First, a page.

Getting to the point where you're living on your own, sustaining your own lifestyle, and thriving on your own homestead is might be a challenge. That said, it's a challenge worth every minute of work that you put into it.
We're going to explore a few homesteading tips for you to think about today, giving you a little insight into ways that you can achieve your goal of homesteading.
Hopefully, the ideas below will help you demystify the idea of homesteading and send you on the right track.
1. Give Yourself a Lot of Time
First things first, don't think that just because you couldn't live on your own right now that it's not possible.
If homesteading is something that you truly want to do, draw up a five-year plan for yourself. Fill your plan with educational milestones that you'd like to achieve, financial points to reach, and steps that you have to get to.
You should learn about farming, home maintenance, and various other ways to stay afloat on your own terms. Additionally, you should look into ways that you can get your savings accounts to the point where you can live minimally off of their interest.
While we don't need a lot of income to survive on a homestead, there are times when medical attention is needed or we have to access money for an unexpected event.
2. Start with Small Tasks
It's unreasonable to think that you could purchase a plot of land and begin farming effectively without any practice.
It's important that you start small with your skill sets and work your way up. Start by working with a small garden in the place you currently live. Try to grow a variety of foods and plants that you might need for your life on your own property.
Take detailed notes about how things go, your process, and what you think you could improve on. You're also lucky that you have the internet at your disposal.
There are bound to be tutorials on growing any plant or food that you could ever need. You just have to start small and figure out how your process works as you move forward.
3. Start Researching Land Now
Just because you're not going to move to your homestead for a few years doesn't mean you shouldn't start researching different parts of the country that might be great for living off of the land.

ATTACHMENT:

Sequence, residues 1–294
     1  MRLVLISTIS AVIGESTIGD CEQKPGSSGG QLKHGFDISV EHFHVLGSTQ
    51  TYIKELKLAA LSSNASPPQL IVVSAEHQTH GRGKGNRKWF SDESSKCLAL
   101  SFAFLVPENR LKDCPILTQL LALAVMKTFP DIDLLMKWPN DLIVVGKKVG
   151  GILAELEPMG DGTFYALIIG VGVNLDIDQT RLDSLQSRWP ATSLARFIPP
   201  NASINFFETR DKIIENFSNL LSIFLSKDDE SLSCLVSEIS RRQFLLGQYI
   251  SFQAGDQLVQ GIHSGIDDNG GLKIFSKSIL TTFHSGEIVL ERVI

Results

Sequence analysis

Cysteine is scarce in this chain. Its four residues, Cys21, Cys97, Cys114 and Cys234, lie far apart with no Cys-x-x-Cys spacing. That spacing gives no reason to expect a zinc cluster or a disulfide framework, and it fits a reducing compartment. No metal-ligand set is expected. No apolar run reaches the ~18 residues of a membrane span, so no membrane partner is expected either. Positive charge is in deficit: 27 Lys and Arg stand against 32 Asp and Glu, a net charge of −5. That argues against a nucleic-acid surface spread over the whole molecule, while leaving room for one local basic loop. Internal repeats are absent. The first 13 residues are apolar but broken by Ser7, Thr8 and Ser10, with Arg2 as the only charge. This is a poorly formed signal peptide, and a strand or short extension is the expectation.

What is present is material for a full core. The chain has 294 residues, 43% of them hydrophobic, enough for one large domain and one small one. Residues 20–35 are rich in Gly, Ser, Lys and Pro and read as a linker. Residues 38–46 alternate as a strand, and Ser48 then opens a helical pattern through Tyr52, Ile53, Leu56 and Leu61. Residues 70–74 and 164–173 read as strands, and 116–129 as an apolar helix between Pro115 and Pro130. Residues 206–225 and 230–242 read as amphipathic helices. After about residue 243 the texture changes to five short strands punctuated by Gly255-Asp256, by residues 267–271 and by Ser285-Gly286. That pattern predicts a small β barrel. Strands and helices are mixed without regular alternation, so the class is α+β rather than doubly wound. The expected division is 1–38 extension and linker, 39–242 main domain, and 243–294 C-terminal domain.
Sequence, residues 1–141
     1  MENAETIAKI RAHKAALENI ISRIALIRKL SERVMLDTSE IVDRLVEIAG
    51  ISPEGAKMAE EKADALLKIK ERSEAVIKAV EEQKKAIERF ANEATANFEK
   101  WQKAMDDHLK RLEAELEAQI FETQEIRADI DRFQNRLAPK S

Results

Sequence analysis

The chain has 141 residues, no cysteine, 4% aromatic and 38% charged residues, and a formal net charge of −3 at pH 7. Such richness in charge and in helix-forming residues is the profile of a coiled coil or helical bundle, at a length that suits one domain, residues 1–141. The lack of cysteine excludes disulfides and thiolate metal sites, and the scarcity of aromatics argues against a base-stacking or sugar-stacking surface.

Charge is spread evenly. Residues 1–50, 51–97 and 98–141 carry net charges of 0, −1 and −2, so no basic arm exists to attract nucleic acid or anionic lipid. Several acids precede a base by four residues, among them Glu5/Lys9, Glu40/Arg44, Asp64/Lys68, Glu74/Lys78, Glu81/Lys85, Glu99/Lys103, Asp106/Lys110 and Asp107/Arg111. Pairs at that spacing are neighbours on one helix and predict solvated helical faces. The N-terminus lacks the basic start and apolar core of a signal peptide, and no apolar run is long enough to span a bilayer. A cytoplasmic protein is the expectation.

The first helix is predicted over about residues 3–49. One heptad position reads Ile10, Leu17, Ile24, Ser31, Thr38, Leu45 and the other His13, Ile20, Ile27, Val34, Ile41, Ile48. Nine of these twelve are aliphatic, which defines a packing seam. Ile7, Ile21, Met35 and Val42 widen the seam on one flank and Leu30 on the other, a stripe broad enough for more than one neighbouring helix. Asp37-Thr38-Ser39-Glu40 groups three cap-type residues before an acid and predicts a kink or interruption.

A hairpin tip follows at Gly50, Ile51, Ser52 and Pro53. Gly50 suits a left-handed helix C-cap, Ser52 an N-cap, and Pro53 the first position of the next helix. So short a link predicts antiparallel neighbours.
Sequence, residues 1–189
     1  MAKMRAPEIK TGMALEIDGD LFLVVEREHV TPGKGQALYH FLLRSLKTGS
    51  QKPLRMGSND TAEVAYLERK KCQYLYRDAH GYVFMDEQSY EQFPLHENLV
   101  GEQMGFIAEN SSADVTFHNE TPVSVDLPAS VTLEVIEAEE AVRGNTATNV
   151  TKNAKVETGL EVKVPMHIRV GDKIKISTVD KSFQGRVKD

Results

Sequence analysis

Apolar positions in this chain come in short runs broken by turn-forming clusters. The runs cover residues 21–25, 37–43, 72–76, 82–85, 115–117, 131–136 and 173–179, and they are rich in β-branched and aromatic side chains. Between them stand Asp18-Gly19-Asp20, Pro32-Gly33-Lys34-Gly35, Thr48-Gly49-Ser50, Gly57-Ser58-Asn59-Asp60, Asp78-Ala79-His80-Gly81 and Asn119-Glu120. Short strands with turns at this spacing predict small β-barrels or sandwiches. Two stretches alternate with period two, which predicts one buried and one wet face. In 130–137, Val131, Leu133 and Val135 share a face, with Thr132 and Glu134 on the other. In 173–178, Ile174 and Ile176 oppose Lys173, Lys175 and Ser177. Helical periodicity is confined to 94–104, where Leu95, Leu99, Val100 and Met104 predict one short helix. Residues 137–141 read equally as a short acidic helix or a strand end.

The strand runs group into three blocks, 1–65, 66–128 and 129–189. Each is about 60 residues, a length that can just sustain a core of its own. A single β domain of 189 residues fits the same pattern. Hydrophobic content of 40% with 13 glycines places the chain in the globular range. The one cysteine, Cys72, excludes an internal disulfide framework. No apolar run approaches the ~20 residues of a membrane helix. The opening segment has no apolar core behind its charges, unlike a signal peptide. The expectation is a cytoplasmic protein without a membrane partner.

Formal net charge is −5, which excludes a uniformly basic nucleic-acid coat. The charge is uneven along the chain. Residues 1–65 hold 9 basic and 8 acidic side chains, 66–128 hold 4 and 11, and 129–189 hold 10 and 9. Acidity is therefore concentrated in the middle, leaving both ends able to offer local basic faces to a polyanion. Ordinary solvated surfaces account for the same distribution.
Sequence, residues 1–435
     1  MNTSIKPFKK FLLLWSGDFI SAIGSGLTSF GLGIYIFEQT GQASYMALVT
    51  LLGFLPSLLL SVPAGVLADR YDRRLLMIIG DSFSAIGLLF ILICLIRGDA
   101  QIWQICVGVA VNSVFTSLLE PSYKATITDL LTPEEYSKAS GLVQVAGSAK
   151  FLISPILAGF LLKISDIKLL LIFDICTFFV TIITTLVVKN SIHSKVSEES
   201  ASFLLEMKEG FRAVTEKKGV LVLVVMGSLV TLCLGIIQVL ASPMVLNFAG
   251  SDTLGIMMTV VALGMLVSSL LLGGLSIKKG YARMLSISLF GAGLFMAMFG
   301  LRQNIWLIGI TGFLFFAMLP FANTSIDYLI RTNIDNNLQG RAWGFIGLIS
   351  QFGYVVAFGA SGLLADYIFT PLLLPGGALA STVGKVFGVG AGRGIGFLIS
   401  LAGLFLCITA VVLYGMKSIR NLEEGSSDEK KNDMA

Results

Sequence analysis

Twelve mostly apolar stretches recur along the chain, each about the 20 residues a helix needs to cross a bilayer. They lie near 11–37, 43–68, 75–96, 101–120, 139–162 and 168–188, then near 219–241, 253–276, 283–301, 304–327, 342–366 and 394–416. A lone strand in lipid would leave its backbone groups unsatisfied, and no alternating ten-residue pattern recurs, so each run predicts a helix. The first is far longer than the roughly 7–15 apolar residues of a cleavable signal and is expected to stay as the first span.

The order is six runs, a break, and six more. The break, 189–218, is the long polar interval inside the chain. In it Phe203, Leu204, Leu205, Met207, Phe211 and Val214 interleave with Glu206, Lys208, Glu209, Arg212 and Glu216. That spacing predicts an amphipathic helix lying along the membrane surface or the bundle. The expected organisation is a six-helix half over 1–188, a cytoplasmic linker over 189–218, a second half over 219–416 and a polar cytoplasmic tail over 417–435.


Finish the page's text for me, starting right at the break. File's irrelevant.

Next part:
Unless you're particularly, crafty and tough, we suggest finding somewhere that in a Southern climate! Living off of the land when the land is coated in ice and sub-zero temperatures can be a little difficult.
You should also scope out the types of soil and terrain that the land you buy should be in. Soil quality is something we're all impacted by, but it's only when you start to think about growing food that you're really put in contact with how important it is.
4. Do You Plan on Hunting?
While many of us don't hunt on a regular basis, animals are an excellent food source for those who are living off of the land.
Hunting, though, is a challenging skill that takes some time to develop and understand. Additionally, there is a set of rules and regulations that govern the area you'll be living in.
If you think that hunting is a reasonable thing for you to do when you move, it'd be wise to start developing those skills now. Not only should you think about tracking and hunting the animal, but you should also learn to effectively clean, preserve, and prepare the animals that you might hunt.
Having this skill will be particularly useful, especially if you plan to live in an area that freezes over in the winter.
5. Plan to Prepare Your Farmland
Affordable plots of land might not be prepared with soil that's suitable for farming just yet. You may have to do some demolition or work with a tractor service like Big Moe to get your soil in the right condition to start planting seeds.
Depending on the nature of your land, there might be some more work that has to be done with landscaping and excavating. This is especially true if you're going to build a house on the land.
6. Are You Building the Home?
Building a home on a homestead is a touch that might help you create an environment that's perfect for you. While an existing home might do the trick, building your own will allow you to add features that optimize the land for your needs, your family, and your general experience.
If you're going to build a home on land that doesn't have any existing structures, your property value will increase a significant amount. This leads us to our next step.
7. Consider Passive Financial Options
As we mentioned before, having access to a significant amount of money is sometimes necessary, no matter how you live your life.
One way to do this, especially with greatly improved homestead land, is through refinancing. This is the process of taking your land or a home mortgage and reworking it based on the existing value of the land.
Land and homes tend to appreciate in value over time, regardless of improvements made. When you do a good deal of work to land (creating a farm, building a home, etc.), that land becomes far more valuable.
Refinancing allows you to get that added value. You take out a loan for the value of the current land and repay the existing balance on your previous one. This way, you get the difference of whatever's left.
In some cases, that could be hundreds of thousands of dollars to contribute to your homestead needs.
Need More Homesteading Tips?
Hopefully, the homesteading tips above were useful to you as you get started in your journey to living on your own. There's a lot more to learn, though.
We're here to help you out in that department. Explore our site for more ideas on self-sustaining, homesteading, and a lot more.